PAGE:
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Clemency Pogue: Fairy Killer    by J. T. Petty & Will Davis order for
Clemency Pogue
by J. T. Petty
Order:  USA  Can
Simon & Schuster, 2005 (2005)
* * *   Reviewed by Hilary Williamson

J. T. Petty gives us a delightfully witty tale of a girl who works very hard to undo the consequences of careless words. Clemency Pogue fell into adventure because she 'listened to the stories she was told.' She's alone a great deal since her parents work for a very rich man on the other side of the forest. But each evening, her mother returns 'percolating with richly embellished stories distilled from the day's events' and shares them with her daughter. And Clemency's father recounts classics like Peter Pan, as well as his own 'mongrel' story combinations.

It's summer vacation and Clemency, in her home made burlap pants, collects sassafras roots in the woods when she's repeatedly stung by a mean fairy, 'grinning like a barracuda'. After almost dying in her attempt to escape, Clemency remembers Peter Pan and Wendy, and chants seven times 'I don't believe in fairies.' This does dispose of 'the Fairy of Frequent and Painful Pointless Antagonism', but (as an irate hobgoblin soon informs Clemency), her words exterminated six other fairies too, and good fairies outnumber the bad. Fortunately, Clemency guesses the hobgoblin's name and can insist on his help in transporting her around the world to undo the damage. It's great fun watching this happen. The 'bitter boy' and the bed settee sequence is hilarious. And there's an exciting finale in Russia, where Clemency must revive her aggressor and then kill that vicious fairy all over again.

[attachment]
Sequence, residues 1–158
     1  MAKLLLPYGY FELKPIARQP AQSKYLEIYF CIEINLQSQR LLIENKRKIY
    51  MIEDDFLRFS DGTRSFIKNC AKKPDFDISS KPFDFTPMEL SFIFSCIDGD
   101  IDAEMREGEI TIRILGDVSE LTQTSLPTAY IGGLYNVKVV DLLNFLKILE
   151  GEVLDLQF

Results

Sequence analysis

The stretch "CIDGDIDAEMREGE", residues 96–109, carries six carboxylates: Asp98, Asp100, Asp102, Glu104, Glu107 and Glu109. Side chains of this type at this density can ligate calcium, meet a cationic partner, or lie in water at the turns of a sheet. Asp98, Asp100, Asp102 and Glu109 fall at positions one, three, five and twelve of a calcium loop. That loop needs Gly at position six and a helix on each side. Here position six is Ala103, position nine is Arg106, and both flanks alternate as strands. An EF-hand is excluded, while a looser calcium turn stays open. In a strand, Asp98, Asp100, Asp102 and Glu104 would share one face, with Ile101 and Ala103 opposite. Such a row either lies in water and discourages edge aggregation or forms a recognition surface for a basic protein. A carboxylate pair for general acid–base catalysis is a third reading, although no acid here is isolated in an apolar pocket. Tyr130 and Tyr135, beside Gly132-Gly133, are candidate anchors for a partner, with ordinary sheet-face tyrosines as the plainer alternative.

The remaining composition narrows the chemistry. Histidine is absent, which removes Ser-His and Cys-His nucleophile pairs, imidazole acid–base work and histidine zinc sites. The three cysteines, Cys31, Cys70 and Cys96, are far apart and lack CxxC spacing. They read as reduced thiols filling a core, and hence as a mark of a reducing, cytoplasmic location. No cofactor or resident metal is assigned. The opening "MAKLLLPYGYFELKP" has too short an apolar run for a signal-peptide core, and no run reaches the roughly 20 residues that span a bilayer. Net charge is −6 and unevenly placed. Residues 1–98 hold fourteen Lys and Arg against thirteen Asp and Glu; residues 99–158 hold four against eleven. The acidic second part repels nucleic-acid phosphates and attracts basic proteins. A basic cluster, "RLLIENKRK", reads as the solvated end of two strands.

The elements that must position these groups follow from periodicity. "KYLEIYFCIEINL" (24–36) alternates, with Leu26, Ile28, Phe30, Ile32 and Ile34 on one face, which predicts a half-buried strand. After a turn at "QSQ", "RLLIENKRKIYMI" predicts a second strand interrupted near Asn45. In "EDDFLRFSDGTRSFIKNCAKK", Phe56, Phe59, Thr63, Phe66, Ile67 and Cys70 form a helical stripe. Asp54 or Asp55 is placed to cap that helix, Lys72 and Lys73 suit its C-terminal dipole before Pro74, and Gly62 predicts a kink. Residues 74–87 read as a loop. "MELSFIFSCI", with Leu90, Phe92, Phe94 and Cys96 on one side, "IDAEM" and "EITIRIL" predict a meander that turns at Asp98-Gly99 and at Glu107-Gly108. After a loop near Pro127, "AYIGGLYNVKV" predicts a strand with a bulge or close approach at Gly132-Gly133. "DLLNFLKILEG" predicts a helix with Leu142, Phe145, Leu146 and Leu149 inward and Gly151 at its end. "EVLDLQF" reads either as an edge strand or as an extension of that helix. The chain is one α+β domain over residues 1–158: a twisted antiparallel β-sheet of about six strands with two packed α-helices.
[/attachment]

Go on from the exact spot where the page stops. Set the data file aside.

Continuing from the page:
I love J. T. Petty's humorous use of language - as when the hobgoblin says 'Of course, you know, so long as you've got me by my moniker, I'm yours to play like a cheap harmonicker' or 'Suretainly'. And Will Davis's black and white drawings help readers to visualize the evolving drama. Clemency Pogue: Fairy Killer is tremendous fun.

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